According to AARP Public Policy Institute research, more than 100 million Americans do not drive. Yet our transportation systems are still built primarily around individual car ownership. Ride-hailing services, like Lyft, along with public transportation systems are beginning to work together to reimagine how our future transportation infrastructure can improve quality of life for people of every age and background.
While innovations in transportation tend to be viewed as a trend unique to urban communities and settings, new technologies are now enabling service providers to capitalize on a previously untapped market: rural communities. With a unique set of challenges and opportunities—and enabled by today’s technology—these rural markets allow transportation service providers to rethink the kinds of services they provide, how to scale those services, and how to make them more accessible. That movement toward innovation in rural markets needs to grow.
During the recent Thanksgiving holiday, a record 30 million-plus Americans traveled by air, and millions more will take to the skies before the clock strikes 2019. Notably, less than 10 percent of those travelers used a traditional travel agent to book their flights.
The United States is quickly approaching a historic milestone. By 2035, the number of older adults age 65 and older will exceed the number of children for the first time in American history. Each day, 10,000 people turn 65, and that will continue for years to come. This will impact states and communities and reshape industries.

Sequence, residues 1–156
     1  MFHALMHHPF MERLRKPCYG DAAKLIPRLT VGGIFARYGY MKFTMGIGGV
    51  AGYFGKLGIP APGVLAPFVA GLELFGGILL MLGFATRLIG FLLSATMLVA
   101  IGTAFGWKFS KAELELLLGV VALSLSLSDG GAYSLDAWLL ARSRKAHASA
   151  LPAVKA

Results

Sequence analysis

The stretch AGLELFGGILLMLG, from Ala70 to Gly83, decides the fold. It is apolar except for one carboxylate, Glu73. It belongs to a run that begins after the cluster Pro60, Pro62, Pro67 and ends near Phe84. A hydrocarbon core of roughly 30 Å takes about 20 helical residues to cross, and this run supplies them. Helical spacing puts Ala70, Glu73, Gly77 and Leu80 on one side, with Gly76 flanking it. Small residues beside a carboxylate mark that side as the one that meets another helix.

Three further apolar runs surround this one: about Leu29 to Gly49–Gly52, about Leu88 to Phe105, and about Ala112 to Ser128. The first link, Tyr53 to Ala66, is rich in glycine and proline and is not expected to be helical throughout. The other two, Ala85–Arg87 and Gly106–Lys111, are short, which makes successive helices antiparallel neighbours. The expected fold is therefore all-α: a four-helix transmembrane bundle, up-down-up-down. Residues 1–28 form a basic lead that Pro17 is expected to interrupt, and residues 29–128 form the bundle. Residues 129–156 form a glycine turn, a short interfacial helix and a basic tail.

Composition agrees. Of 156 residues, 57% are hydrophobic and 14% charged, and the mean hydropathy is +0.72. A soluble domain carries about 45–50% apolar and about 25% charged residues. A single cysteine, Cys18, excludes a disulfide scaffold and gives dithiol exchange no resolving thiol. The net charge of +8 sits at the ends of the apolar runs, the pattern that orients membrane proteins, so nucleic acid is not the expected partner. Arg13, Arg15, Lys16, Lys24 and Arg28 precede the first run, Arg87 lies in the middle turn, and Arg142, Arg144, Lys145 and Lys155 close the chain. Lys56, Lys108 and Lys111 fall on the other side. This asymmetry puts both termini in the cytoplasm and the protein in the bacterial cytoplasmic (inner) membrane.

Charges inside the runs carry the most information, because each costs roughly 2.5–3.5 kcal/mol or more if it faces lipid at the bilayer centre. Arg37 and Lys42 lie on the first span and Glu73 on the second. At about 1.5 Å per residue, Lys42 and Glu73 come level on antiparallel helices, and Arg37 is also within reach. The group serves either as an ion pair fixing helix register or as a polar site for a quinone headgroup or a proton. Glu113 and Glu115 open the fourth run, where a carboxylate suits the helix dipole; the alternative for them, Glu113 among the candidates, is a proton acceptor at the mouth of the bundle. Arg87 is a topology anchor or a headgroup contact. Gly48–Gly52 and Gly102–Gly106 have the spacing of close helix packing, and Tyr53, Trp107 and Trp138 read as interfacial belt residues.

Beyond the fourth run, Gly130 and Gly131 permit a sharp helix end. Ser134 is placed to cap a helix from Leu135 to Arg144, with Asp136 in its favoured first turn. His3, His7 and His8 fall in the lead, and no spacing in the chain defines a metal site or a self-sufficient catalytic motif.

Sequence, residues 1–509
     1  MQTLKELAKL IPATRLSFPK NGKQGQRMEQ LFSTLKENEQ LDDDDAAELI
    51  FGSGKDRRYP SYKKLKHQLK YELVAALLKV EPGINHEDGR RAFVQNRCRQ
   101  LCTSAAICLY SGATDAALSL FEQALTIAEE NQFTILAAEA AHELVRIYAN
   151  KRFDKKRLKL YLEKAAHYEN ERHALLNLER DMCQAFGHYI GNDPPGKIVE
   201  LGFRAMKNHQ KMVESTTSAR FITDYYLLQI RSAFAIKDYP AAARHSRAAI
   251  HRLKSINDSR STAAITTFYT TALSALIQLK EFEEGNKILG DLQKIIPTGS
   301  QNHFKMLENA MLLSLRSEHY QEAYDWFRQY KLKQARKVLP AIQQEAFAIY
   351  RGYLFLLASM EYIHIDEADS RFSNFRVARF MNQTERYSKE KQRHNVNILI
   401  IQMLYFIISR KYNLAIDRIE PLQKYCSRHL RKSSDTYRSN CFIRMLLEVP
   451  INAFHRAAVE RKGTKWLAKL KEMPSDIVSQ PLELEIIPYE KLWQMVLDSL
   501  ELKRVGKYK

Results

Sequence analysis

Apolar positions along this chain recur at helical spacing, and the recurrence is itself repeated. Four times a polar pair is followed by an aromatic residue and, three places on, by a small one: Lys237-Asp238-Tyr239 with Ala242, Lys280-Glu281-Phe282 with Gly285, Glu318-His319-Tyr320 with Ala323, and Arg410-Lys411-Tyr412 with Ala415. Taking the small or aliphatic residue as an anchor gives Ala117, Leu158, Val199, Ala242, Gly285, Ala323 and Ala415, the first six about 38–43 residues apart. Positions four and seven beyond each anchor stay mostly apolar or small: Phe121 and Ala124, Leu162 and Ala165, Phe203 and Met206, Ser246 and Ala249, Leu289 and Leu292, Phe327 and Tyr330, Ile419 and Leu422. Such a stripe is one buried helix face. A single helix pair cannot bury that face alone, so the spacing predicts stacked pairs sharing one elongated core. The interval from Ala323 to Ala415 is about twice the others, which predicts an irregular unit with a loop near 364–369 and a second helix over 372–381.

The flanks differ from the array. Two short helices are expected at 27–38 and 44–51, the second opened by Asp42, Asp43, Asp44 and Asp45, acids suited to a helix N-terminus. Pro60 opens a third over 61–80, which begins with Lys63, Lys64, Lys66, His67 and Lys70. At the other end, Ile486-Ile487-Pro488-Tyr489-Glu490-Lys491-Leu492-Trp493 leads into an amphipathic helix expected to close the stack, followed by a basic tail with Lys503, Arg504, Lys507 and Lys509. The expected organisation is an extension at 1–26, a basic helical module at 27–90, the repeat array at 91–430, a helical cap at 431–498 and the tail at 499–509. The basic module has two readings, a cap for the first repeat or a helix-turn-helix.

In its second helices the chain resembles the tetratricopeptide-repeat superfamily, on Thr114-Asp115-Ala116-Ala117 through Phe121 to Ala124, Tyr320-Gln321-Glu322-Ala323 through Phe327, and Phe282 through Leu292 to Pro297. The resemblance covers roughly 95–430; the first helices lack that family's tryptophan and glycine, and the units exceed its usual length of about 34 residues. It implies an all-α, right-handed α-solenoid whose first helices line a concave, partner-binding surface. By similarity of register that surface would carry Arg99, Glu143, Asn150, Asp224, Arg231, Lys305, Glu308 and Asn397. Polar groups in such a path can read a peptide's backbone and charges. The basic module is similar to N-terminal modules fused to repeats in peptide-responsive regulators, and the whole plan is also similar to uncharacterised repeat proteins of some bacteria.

The aging-in-community of a rapidly aging population demands a fundamental shift in planning in order to minimize the economic, social and health challenges that will otherwise overwhelm communities. Nearly 90 percent of Americans 65 and older tell us that they want to age in their homes or communities. And two-thirds of the 85-plus population — the fastest-growing demographic in the U.S. — has at least one disability. We must create communities that are livable across the life span and spectrum of abilities.
Too many of us are outgrowing our homes and communities. They’re not becoming too small, like children’s clothes, but they just don’t fit us very well as we get older.
I have a long-standing point of view: The issue of livable communities is too big and important for any one sector to solve the challenge. For there to be a sustainable movement to create more walkable, livable communities across the country, every sector needs to be at the table. A healthy, balanced and successful effort requires that each group has its place, making different contributions.
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